Creating Closeness in Disagreement: The Power of Validation

August 31, 2015

Recently, I came across an interesting question on Quora: “How do you build trust?” One of the most popular answers was from a salesman, who argued that a salesman’s only job is to build trust. While he provided several techniques, the one he emphasized (and stood out to me) was to offer the other person validation.


When I think of building trust, I don’t usually first think of validation. I think about making and keeping agreements as well as negotiating back up plans when expectations can’t be met (but that's for another blog!). But the Quora writer is also definitely correct: validating does help create trust along with a host of other positive benefits.


In the past, I’ve written about why creating goodwill is important in a relationship (along with some tips on how to do that) as well as the benefits of empathy, and validation is a practice that contributes to goodwill and offers us another lens through which to practice empathy, to see the world from the other person’s point of view. In this post, I will discuss validation, how it can help your relationships (even beyond building trust), as well as some tips to help you validate your partner.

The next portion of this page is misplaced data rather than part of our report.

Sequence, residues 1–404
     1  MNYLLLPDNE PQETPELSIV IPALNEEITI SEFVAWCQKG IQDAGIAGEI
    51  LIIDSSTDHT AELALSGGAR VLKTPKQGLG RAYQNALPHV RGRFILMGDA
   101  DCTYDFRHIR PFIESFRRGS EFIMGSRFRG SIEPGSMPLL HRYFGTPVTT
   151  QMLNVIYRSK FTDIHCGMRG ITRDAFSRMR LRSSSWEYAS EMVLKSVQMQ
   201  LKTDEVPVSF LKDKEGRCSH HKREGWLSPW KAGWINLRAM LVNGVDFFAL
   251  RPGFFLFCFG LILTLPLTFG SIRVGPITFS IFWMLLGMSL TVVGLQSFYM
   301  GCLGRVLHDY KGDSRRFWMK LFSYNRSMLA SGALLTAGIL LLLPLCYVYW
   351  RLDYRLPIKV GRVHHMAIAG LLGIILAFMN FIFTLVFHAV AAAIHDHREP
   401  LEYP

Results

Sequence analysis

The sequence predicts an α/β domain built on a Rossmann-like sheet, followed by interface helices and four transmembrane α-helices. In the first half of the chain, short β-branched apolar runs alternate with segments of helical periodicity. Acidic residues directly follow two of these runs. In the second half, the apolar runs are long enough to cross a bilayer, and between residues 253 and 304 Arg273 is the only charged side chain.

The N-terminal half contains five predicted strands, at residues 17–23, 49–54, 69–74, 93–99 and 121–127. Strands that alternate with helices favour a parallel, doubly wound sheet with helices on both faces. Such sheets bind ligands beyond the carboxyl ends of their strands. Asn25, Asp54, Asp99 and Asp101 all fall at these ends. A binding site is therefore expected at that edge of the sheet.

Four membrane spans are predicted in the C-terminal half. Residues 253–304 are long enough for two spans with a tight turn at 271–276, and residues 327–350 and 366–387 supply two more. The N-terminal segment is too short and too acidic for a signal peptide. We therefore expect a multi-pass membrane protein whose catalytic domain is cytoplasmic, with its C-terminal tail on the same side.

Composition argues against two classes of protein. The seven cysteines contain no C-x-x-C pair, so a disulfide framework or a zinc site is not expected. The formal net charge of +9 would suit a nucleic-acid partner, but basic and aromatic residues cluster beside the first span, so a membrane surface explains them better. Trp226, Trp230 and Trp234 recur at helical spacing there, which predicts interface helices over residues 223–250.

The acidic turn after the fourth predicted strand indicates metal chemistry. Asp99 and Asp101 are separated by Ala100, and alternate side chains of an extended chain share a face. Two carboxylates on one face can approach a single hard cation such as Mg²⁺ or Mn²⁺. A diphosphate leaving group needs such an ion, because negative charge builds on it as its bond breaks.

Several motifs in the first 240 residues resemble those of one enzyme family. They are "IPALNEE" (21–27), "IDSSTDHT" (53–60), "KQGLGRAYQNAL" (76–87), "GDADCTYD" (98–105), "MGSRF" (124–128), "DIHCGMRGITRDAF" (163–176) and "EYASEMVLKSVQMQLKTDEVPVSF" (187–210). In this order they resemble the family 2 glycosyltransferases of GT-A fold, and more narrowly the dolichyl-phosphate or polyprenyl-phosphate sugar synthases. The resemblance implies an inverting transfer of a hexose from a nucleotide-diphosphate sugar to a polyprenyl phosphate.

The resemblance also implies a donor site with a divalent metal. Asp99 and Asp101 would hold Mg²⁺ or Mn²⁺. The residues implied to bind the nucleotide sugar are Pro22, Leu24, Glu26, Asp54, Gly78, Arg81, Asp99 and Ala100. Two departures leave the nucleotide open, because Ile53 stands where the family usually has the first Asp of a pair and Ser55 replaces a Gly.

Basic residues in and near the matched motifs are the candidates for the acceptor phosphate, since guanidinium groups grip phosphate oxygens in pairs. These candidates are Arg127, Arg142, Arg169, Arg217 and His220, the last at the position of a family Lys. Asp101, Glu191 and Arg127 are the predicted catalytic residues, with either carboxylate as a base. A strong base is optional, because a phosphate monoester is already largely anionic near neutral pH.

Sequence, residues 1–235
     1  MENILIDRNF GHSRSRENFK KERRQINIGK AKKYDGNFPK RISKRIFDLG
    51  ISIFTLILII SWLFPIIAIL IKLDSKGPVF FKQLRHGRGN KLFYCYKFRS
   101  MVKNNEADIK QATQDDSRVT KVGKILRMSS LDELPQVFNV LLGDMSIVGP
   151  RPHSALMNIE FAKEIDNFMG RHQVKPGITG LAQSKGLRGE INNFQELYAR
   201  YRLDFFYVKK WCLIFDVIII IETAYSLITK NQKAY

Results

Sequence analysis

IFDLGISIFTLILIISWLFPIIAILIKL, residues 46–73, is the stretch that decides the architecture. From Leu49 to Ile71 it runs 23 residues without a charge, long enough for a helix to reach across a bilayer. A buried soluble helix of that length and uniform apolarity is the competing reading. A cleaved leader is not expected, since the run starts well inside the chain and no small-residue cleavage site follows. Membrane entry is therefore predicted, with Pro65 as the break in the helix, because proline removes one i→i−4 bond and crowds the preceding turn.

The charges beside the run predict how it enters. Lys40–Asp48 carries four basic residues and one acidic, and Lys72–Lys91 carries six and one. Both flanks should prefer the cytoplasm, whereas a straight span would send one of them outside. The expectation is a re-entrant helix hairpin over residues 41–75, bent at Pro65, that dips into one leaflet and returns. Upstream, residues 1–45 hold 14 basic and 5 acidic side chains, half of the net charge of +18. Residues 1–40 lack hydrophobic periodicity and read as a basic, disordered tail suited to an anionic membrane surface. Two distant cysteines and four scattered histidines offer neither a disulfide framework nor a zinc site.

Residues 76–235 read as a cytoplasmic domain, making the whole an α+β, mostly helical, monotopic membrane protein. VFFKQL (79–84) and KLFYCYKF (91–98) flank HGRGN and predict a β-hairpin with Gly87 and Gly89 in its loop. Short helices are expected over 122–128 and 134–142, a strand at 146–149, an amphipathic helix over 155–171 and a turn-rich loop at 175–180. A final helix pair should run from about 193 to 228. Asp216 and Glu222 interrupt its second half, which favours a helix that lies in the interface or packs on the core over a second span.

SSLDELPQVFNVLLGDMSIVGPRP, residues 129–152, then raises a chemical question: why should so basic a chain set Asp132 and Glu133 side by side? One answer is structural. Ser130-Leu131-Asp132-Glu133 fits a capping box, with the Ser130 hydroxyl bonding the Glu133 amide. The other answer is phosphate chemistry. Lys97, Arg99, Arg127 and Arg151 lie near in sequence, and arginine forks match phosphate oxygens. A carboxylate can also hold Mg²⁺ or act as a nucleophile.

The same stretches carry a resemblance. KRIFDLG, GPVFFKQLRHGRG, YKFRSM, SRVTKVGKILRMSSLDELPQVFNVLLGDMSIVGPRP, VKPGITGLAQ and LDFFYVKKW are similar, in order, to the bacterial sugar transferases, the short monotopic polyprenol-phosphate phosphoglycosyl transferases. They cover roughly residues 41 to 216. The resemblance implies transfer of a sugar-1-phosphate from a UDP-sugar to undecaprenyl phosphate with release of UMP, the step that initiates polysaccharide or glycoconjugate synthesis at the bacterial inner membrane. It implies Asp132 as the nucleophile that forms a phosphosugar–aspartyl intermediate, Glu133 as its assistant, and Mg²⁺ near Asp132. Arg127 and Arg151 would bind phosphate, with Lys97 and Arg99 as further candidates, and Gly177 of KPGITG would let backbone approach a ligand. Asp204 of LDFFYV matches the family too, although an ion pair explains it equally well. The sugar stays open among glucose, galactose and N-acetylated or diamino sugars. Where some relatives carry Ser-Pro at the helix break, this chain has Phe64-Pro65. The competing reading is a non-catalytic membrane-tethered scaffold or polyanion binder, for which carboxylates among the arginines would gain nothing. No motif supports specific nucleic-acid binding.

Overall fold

Often when I work with couples, they have reached a point in their relationship where they have become distant or disconnected, or they might even experience each other as enemies. Often, when this couple tries to communicate with one another, they end up arguing, trying to convince the other to see things their way. When I ask them to check in and see how they feel towards their partner, they tend to either want to continue fighting, or they want to simply be done with the situation in one way or another, which causes them to grow distant.


While disruptive to the relationship, this dynamic points us to what really needs to happen: what if instead of needing to be right, we recognized that this drive is truly just needing to be acknowledged? In other words, when we try to be right, our true desire might be met better with validation. Adapting Alan Fruzzetti’s straightforward definition, when we are validated, we feel that the other person understands our experience and accepts it. How good would it feel when there is a disagreement to felt understood and accepted by our partner?


Note that understanding and accepting are not the same as agreeing. For example, my wife, Kelsey, might say to me, “I felt really hurt when you snapped at me last night before bed.” I might be taken aback: I don’t remember snapping at her at all! I remember feeling that she was ignoring me before we turned out our lights, but I don’t remember what could have led to that at all. So, I may not agree with the premise that I snapped at her. If I choose the path of needing to be right, our conversation might go like this:


Kelsey: “I felt really hurt when you snapped at me last night before bed.”

Me: “What are you talking about? I didn’t snap. You were the one who ignored me.”

Kelsey: “That was only because you snapped at me about not putting away the toothpaste!”

Me: “I didn’t snap! And you know it makes me crazy when you don’t put things away…”

Kelsey: “I don’t want to talk about this anymore. Just forget it!”


Needless to say, this interaction will do nothing to help us feel clo